In the same way, these words are putting forth, metaphorically, that God will be informing them of His decision on Sodom and Gomorrah.

What about Sodom and Gomorrah?

One of the issues that many have investigated is whether Sodom and Gomorrah existed. The archeological evidence indicates that there was a larger collection of towns in the region and saying these two typically represented the group of communities. Great expense has been made to dig up various sites in search of these cities. And indeed, some scientists have pointed out remains that appear the towns did exist among others nearby and were the subject of a natural disaster.

The more important task is to understand the meaning of this verse. Why would the Supreme Being bother to destroy these cities? Just consider the so many other cities around the world that exist today and that have existed in the past - places that have also maintained incredible levels of violence, crime, rape, lewd activities, hatred, terrorism and so on. Has God taken out all of these cities?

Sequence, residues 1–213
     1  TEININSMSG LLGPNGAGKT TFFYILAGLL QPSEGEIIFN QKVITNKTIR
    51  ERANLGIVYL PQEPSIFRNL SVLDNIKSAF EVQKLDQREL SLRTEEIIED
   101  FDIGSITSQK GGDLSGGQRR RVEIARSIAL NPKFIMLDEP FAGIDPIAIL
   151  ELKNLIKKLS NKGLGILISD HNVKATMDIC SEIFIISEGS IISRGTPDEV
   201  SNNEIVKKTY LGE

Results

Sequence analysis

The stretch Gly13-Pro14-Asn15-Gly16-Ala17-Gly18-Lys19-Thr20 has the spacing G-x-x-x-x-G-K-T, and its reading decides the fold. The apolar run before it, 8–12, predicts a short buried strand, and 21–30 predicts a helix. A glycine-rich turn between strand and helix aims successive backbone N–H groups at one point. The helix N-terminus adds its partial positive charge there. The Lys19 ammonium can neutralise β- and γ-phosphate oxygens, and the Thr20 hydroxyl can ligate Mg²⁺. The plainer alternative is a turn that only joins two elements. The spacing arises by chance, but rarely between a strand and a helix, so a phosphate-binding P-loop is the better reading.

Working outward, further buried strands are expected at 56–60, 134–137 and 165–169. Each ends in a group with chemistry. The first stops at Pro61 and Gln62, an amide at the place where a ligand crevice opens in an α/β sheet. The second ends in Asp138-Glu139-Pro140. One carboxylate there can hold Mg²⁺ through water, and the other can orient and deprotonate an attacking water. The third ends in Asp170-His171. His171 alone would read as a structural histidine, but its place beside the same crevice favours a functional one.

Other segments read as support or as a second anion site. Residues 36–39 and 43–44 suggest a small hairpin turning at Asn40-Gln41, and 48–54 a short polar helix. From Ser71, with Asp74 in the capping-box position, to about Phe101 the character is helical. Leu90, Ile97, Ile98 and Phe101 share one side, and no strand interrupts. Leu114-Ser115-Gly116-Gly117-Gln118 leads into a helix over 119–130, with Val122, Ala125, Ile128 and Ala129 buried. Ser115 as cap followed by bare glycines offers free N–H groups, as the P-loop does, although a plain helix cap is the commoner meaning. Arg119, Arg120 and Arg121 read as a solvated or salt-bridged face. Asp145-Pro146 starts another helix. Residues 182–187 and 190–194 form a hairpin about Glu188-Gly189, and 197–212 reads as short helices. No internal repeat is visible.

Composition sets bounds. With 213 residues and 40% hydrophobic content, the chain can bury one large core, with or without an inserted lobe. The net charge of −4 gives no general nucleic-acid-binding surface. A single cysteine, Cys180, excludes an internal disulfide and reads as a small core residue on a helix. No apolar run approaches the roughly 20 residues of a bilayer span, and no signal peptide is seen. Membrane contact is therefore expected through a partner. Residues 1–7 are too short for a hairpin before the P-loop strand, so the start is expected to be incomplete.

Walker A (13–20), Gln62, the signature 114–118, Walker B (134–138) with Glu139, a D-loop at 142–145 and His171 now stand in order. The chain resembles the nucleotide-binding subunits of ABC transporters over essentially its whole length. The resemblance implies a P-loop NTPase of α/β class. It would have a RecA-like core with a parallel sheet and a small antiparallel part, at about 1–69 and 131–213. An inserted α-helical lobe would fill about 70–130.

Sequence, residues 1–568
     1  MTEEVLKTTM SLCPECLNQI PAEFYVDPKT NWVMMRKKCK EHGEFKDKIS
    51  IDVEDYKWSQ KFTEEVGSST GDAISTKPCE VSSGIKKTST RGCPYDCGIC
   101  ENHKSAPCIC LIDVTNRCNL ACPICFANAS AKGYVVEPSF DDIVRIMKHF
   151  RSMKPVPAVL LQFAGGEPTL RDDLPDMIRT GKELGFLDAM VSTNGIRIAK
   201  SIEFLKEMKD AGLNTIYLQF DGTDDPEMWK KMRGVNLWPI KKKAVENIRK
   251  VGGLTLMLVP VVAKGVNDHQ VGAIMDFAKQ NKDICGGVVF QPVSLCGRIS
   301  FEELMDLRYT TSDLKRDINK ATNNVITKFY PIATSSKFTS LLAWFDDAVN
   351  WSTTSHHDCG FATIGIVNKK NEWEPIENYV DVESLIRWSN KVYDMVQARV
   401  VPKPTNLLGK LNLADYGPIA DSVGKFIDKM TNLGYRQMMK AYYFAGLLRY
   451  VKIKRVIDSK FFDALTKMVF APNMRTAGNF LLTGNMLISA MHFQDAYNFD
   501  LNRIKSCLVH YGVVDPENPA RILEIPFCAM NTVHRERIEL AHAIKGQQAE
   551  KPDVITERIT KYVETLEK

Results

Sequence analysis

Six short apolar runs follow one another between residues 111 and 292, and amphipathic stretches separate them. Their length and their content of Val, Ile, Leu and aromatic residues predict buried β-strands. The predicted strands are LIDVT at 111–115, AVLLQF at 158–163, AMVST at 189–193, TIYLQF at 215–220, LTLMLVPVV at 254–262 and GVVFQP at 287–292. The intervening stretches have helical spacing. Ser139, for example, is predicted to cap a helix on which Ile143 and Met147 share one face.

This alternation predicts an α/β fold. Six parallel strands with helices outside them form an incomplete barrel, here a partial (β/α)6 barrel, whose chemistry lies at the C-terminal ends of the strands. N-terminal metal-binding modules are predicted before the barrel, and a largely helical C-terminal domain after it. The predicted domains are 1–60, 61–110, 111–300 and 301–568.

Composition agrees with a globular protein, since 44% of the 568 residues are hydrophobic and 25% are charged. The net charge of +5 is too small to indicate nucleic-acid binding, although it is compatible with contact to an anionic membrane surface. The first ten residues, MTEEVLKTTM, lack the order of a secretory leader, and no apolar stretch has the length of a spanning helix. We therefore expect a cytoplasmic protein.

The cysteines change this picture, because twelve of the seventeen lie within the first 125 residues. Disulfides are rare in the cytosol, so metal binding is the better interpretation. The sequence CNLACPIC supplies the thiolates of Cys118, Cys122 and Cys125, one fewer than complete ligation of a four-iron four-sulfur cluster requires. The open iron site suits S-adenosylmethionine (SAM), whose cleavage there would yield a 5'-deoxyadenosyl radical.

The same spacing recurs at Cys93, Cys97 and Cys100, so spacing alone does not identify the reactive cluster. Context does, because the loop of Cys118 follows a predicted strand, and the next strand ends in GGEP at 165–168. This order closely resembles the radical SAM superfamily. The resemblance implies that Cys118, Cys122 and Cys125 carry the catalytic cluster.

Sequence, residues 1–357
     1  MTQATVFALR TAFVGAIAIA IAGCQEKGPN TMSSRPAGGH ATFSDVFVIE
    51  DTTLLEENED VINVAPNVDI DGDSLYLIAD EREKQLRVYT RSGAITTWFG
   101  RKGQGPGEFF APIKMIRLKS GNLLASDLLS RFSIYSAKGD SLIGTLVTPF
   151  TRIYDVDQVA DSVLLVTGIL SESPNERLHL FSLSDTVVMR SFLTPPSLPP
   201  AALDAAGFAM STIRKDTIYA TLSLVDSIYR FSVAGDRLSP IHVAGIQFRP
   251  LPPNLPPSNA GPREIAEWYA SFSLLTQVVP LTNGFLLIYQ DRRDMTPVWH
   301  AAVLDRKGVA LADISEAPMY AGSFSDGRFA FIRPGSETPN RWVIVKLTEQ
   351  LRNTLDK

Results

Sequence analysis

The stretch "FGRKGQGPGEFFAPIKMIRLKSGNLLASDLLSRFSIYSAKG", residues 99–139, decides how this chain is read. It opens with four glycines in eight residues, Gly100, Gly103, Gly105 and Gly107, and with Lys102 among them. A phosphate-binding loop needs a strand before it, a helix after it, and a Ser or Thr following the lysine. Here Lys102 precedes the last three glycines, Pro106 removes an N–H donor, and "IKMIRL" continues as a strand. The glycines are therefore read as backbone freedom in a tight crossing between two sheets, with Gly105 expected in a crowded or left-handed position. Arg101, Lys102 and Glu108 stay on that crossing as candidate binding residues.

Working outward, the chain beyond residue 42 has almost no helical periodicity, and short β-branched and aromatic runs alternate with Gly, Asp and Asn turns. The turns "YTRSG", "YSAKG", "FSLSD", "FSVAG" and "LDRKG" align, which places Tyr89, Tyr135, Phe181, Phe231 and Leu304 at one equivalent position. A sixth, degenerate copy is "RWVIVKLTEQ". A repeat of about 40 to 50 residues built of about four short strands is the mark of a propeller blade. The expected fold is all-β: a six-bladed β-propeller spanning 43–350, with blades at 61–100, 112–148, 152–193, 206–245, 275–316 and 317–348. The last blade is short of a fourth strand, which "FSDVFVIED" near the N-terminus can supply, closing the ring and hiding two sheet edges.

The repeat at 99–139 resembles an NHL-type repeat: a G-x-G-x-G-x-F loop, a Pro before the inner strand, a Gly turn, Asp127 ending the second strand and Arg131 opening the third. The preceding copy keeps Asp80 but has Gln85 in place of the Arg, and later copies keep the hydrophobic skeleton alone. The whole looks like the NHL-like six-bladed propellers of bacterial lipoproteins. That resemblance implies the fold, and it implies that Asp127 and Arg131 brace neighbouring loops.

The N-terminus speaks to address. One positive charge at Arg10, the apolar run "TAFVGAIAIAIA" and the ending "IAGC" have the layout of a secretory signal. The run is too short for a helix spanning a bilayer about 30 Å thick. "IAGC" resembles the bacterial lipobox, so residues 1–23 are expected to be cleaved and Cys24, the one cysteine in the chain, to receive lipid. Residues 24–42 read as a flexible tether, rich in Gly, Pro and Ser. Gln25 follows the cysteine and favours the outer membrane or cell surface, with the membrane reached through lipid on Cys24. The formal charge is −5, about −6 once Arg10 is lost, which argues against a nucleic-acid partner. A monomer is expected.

In other words, does God go around taking out cities as soon as He finds out they are filled with crime and degradation?

This certainly is not consistent with history. We find many ancient cities that have been places of degradation that are still standing. Rome is certainly a good example.

With regard to the thesis that Sodom and Gomorrah were places of homosexuality, this interpretation was first put forth by the Greek philosopher Philo in the First Century CE. There is otherwise no basis for it. The Prophets and Jesus that preceded Philo, in all their discussions of the two cities, never indicated that Sodom and Gomorrah were places of homosexuality, despite the modern interpretation.